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best way to find clients?
Thread poster: Juliana Starkman

Juliana Starkman  Identity Verified
Israel
Local time: 03:25
Spanish to English
+ ...
Mar 24, 2007

Without asking anyone to give away their secrets, I would like to ask how some of you find your clients? In the past I have worked through word of mouth, leaving business cards (once during a hearing when I noticed the poor quality of a written translations I approached the lawyer and gave him my card), etc.
How do you contact the people who then become regular sources of work (besides here of course...)?

Juliana


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Anna Sylvia Villegas Carvallo
Mexico
Local time: 01:25
English to Spanish
I like Translation Agencies Mar 24, 2007

Working for known translation agencies is a safe way of having continued jobs, and secure payments.

I use ProZ Blue Board to choose my clientele based on their BB rate. The best reference you may have is that from our own colleagues.

You may not find their email address on ProZ, but they all have a website from where you can find it, or surf on sections as "Recruitment", "Career", "Jobs" and alike.

Best luck,
Tadzio.


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Mulyadi Subali  Identity Verified
Indonesia
Local time: 14:25
English to Indonesian
+ ...
send out resumes Mar 24, 2007

on my spare time, i send out resumes to agencies that have good reviews. you can browse the bb for this. find ones good payment practice, of course.

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Jenny Forbes  Identity Verified
Local time: 08:25
Member (2006)
French to English
+ ...
Yellow pages Mar 24, 2007

Juliana Starkman wrote:

Without asking anyone to give away their secrets, I would like to ask how some of you find your clients? In the past I have worked through word of mouth, leaving business cards (once during a hearing when I noticed the poor quality of a written translations I approached the lawyer and gave him my card), etc.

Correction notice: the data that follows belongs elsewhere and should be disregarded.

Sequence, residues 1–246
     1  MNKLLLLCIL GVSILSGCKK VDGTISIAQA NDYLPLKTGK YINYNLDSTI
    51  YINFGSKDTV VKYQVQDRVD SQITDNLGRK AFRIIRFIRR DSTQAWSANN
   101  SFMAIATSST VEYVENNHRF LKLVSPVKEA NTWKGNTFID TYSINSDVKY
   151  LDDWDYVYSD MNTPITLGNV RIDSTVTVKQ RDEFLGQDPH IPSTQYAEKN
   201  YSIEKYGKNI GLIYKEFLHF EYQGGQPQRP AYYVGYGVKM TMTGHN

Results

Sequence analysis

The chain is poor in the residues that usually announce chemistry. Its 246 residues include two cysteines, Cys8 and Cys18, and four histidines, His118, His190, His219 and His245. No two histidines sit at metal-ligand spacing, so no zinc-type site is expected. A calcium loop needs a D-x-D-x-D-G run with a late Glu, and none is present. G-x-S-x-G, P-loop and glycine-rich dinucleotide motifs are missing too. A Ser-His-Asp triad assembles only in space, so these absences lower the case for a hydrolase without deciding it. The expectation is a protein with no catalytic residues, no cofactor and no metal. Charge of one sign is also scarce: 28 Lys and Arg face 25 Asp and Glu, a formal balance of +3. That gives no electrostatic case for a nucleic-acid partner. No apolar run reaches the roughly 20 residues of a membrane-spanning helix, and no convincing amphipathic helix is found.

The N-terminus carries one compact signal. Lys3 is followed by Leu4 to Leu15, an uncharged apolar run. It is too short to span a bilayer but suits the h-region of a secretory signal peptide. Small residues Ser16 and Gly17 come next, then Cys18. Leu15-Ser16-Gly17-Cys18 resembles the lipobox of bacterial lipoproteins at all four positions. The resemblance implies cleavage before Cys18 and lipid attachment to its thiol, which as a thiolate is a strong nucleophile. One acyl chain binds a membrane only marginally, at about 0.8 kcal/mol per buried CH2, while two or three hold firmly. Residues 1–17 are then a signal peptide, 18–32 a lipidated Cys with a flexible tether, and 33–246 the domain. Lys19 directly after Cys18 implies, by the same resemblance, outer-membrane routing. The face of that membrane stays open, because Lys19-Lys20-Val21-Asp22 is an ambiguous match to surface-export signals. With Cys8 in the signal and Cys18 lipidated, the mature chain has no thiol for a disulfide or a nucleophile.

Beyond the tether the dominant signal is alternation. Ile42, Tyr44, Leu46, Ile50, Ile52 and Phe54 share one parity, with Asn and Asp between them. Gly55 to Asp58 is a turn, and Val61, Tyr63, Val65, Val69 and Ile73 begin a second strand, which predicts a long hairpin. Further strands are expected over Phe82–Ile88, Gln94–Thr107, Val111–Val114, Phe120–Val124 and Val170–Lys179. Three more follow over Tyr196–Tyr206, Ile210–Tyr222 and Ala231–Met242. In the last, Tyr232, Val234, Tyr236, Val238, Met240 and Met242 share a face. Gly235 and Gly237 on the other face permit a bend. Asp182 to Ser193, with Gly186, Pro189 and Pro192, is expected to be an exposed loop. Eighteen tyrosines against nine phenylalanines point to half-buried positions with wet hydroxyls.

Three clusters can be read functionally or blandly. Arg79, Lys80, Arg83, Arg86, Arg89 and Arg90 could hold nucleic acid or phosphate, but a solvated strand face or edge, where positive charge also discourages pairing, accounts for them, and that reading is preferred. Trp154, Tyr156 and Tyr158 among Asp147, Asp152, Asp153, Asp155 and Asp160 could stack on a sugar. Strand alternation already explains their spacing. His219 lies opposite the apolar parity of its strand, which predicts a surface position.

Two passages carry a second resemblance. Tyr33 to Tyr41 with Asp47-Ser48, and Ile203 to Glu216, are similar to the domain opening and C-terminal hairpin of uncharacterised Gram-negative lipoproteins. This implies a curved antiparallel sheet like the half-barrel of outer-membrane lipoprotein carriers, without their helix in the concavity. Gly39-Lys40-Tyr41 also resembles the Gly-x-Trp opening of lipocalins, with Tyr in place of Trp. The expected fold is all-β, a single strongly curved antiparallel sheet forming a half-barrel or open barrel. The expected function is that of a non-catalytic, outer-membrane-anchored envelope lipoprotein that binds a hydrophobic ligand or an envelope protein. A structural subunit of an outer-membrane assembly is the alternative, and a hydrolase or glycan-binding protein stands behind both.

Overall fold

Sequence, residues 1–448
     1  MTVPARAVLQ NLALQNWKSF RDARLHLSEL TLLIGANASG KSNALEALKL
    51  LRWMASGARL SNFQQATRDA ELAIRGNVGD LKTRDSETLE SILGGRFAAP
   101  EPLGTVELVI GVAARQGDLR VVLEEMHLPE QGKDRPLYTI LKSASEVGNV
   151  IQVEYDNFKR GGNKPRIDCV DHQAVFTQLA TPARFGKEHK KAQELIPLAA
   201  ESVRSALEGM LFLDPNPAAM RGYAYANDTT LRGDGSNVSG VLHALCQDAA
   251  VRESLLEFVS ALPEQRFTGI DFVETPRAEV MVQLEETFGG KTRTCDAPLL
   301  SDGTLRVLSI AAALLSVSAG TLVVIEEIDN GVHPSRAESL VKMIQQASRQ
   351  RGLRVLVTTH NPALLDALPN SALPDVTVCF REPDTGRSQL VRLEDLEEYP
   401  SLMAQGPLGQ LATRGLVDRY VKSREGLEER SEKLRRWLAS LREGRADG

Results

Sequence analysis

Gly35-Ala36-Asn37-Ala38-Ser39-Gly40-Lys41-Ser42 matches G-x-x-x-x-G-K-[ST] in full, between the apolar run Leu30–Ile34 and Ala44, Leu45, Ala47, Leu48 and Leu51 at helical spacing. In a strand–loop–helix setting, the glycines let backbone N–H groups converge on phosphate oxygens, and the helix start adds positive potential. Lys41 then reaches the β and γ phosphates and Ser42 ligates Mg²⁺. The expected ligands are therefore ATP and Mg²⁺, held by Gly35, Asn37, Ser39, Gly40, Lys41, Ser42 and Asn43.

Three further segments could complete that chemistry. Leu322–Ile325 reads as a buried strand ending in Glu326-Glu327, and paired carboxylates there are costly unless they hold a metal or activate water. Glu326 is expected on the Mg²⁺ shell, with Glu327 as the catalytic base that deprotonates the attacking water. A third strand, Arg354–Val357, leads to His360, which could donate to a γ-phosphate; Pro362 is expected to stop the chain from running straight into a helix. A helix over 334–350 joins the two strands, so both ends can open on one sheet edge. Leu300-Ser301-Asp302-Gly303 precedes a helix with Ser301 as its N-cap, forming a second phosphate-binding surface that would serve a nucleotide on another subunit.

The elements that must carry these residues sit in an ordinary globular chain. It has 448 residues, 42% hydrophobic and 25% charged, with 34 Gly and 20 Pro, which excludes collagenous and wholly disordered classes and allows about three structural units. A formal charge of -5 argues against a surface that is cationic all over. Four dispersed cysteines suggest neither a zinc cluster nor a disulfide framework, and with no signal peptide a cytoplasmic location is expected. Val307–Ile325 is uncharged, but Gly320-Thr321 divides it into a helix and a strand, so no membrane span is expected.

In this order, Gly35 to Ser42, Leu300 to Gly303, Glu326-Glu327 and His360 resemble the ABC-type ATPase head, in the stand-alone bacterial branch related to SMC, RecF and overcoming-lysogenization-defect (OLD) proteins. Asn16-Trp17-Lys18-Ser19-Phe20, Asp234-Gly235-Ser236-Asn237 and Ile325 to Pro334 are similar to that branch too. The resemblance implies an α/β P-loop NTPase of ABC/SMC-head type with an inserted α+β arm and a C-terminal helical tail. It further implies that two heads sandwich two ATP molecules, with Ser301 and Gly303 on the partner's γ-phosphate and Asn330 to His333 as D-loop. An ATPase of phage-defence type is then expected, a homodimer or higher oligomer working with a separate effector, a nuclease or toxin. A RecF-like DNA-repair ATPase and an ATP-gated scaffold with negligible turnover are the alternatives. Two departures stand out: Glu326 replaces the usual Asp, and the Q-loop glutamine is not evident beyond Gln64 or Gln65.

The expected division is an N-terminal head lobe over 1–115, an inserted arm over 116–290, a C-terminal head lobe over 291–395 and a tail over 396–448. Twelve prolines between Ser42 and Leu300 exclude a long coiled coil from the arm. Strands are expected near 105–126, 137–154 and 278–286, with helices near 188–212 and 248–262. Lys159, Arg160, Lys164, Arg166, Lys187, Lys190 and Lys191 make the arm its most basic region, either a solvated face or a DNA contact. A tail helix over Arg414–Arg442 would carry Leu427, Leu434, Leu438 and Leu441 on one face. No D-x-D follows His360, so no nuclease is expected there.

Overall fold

How do you contact the people who then become regular sources of work (besides here of course...)?

Juliana


Hullo Juliana,
When I started freelancing (many years ago) I was living in London. I scoured the Yellow Pages for translation agencies (of which there were hundreds) and sent out my CV and a covering letter to those I thought looked good (central address, Co. Ltd., etc.). Then I followed up with a phone call about two weeks later. About 10% replied, of whom about 10% sent me work - and some of those are still my trusted clients. I started freelancing during the summer when, possibly, many other translators may have been away on holiday, which may have given me that window of opportunity.
Nowadays things are much more focused on the Internet. As well as searching the Blue Board for good agencies, I guess you could Google for translation agencies + country, city, etc., select names with good websites and then check them on Blue Board and other translators' websites.
Leaving business cards sounds a good idea too, and again, follow up with a phone call or email, perhaps?
Good luck!
Jenny.


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absciarretta  Identity Verified
Portugal
Local time: 08:25
Member (2008)
English to Norwegian
+ ...
Good website Mar 24, 2007

What I am currently working on is getting a good website set up and then I am considering adverising on other sites.
It will take some time but I am sure it will be well worth it.


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Juliana Starkman  Identity Verified
Israel
Local time: 03:25
Spanish to English
+ ...
TOPIC STARTER
Gracias a todos Mar 24, 2007

Thanks all for the advice. I am also playing with the idea of a website. All I need is time!

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Luiza Modesto  Identity Verified
Brazil
Local time: 04:25
Portuguese to English
+ ...
Getting clients Mar 24, 2007

Hi Juliana. When I decided to become a full time translator, the first thing I did was to choose what area I would like to work in. I chose medical because I love medicine and it’s probably the easiest area in EN-PT translations. Next I visited the website of roughly 15 universities in Brazil and took down the name of the professors and their e-mails. Most professors in Brazil also do research and write papers, and they want to have their papers published in international journals. I gathered about 2000 e-mails and sent them a short e-mail offering my translation services. I got about 100 replies and these people became my clients. They were happy with my translation and they referred me to their peers. This was two years ago. Now I am usually overloaded with work to the point that I have to turn down a lot of stuff.